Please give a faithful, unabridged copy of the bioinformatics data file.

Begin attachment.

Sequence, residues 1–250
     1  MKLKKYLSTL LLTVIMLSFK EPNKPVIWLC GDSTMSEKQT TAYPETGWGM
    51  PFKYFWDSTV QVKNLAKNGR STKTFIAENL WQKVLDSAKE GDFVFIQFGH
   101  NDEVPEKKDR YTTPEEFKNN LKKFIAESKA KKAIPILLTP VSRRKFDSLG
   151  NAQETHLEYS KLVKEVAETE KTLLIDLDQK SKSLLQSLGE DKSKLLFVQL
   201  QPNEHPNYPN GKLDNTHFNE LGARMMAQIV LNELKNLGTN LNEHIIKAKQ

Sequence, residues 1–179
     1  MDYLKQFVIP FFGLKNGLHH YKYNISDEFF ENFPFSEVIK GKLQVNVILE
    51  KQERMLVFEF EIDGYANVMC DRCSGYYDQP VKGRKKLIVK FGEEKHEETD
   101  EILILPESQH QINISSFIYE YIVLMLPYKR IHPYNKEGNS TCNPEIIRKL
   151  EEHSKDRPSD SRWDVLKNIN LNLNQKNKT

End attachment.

Sequence, residues 1–250
     1  MKLKKYLSTL LLTVIMLSFK EPNKPVIWLC GDSTMSEKQT TAYPETGWGM
    51  PFKYFWDSTV QVKNLAKNGR STKTFIAENL WQKVLDSAKE GDFVFIQFGH
   101  NDEVPEKKDR YTTPEEFKNN LKKFIAESKA KKAIPILLTP VSRRKFDSLG
   151  NAQETHLEYS KLVKEVAETE KTLLIDLDQK SKSLLQSLGE DKSKLLFVQL
   201  QPNEHPNYPN GKLDNTHFNE LGARMMAQIV LNELKNLGTN LNEHIIKAKQ

Sequence, residues 1–179
     1  MDYLKQFVIP FFGLKNGLHH YKYNISDEFF ENFPFSEVIK GKLQVNVILE
    51  KQERMLVFEF EIDGYANVMC DRCSGYYDQP VKGRKKLIVK FGEEKHEETD
   101  EILILPESQH QINISSFIYE YIVLMLPYKR IHPYNKEGNS TCNPEIIRKL
   151  EEHSKDRPSD SRWDVLKNIN LNLNQKNKT